Mike: I always line item my bids, I’ve just found that to work the best for me. I constantly get feedback from clients about how great it is for them to go through and see that. Immediately after I caught on about a year of doing it I found that some contractors really don’t do that. What I like is it’s really transparent from the get go. They can go through and see how everything totals up because a lot of time with remodel this stuff really adds up. To get hit with a big lump sum it’s sticker shock. Just like a receipt from a grocery store, you want to be able to break it down and see where everything goes. I can explain my higher prices when everything is line item-ed.
Martin: Okay, so as a contractor you are positioning yourself as a higher end contractor.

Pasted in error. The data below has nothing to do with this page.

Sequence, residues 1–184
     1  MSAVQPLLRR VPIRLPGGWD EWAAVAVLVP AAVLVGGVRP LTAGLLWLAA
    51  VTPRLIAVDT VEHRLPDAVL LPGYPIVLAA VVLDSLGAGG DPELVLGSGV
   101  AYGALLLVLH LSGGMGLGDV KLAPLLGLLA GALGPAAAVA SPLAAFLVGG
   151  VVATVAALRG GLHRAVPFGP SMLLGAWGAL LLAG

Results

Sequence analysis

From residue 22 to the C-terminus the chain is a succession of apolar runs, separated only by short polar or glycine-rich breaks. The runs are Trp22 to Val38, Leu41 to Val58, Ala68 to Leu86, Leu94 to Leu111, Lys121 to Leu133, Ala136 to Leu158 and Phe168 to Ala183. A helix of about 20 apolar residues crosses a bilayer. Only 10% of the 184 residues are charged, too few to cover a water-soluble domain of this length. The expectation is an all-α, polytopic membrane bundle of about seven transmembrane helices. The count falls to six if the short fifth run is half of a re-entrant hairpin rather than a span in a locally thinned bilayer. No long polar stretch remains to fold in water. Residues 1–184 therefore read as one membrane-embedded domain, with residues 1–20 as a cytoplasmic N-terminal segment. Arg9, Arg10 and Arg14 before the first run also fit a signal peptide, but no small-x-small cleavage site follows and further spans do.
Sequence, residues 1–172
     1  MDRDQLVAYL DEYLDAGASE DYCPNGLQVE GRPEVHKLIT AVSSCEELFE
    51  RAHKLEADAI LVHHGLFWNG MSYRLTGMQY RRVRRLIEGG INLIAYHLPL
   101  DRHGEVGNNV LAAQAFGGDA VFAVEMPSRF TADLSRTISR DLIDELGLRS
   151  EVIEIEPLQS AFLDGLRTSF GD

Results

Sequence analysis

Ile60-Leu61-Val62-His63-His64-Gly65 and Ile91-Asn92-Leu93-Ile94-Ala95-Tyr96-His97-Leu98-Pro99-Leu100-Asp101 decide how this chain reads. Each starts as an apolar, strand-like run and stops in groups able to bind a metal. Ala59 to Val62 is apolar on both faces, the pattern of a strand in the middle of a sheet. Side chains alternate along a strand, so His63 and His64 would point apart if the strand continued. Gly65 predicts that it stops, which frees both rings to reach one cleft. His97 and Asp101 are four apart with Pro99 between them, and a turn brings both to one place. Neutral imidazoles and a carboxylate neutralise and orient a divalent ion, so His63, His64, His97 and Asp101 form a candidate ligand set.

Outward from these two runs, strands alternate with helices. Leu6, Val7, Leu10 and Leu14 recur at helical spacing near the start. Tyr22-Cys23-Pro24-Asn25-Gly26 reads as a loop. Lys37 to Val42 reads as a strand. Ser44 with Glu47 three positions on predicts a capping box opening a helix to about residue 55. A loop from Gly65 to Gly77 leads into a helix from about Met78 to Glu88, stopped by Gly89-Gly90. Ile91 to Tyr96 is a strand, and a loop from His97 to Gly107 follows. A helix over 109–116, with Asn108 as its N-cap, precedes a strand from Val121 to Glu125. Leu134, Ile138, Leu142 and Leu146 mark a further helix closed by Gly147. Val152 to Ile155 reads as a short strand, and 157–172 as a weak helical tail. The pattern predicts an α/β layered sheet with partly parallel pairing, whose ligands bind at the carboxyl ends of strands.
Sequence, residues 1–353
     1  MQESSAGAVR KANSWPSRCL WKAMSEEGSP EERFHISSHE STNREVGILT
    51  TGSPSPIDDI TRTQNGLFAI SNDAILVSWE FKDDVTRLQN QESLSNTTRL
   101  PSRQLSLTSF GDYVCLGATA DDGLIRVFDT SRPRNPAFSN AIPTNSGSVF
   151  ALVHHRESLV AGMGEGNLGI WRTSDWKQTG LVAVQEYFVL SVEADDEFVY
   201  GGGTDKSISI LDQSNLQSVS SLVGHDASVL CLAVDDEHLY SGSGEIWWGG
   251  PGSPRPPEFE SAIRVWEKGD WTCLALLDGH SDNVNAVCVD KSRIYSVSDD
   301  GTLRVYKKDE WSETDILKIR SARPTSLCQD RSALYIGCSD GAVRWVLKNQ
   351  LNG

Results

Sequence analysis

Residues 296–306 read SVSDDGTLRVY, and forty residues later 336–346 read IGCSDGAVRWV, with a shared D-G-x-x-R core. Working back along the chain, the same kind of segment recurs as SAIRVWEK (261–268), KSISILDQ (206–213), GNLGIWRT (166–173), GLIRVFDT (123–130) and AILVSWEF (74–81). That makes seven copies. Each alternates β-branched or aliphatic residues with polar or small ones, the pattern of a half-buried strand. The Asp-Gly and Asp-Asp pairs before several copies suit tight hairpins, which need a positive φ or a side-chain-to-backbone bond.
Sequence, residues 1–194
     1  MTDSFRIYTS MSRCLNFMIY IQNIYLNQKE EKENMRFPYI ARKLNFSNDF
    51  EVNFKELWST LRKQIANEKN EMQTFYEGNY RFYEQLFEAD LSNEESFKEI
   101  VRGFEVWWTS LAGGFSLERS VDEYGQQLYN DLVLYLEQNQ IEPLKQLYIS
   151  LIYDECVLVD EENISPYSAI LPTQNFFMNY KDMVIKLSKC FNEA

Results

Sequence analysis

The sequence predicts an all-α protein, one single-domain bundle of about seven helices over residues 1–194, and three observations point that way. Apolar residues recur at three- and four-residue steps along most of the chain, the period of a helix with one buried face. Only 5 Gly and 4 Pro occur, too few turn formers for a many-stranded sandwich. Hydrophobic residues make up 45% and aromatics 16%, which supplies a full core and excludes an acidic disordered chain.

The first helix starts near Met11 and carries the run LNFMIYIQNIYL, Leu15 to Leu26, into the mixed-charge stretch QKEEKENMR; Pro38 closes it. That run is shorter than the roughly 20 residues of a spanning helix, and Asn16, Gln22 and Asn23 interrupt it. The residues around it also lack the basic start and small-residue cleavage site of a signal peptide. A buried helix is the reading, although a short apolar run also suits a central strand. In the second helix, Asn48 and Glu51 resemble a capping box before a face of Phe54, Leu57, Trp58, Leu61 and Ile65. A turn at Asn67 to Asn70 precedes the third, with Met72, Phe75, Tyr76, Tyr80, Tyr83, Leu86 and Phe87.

Martin: You feel like that by breaking it down and showing in detail these line items it actually helps you sell better.
Mike: Mm-hmm, yeah. The feedback from my clients is just that they appreciate it. I’d say the only negative I’ve found about it is it takes a little bit more time and you have to do a little bit more homework for the bid. Then again, if you land … For a kitchen remodel that extra time is very well justified.
Martin: Is that the way you’ve always done it?
Mike: Yeah. I have done this for, when I first started when all I do is tile bathrooms. I would have to go through and explain what the lump sum of just tile was. I’d explain tile prep or demolition, then tile prep, then the tiling process and then the grouting. Those are four or five different ticket punch lines that I have that explain my tile process. Now, I might not go with that in depth if tiling is a part of the kitchen. I might just say tiling, and then break that out as one line item on the whole kitchen remodel. From small bathroom model to quarter of a million dollar project I’ve found that system to work really well.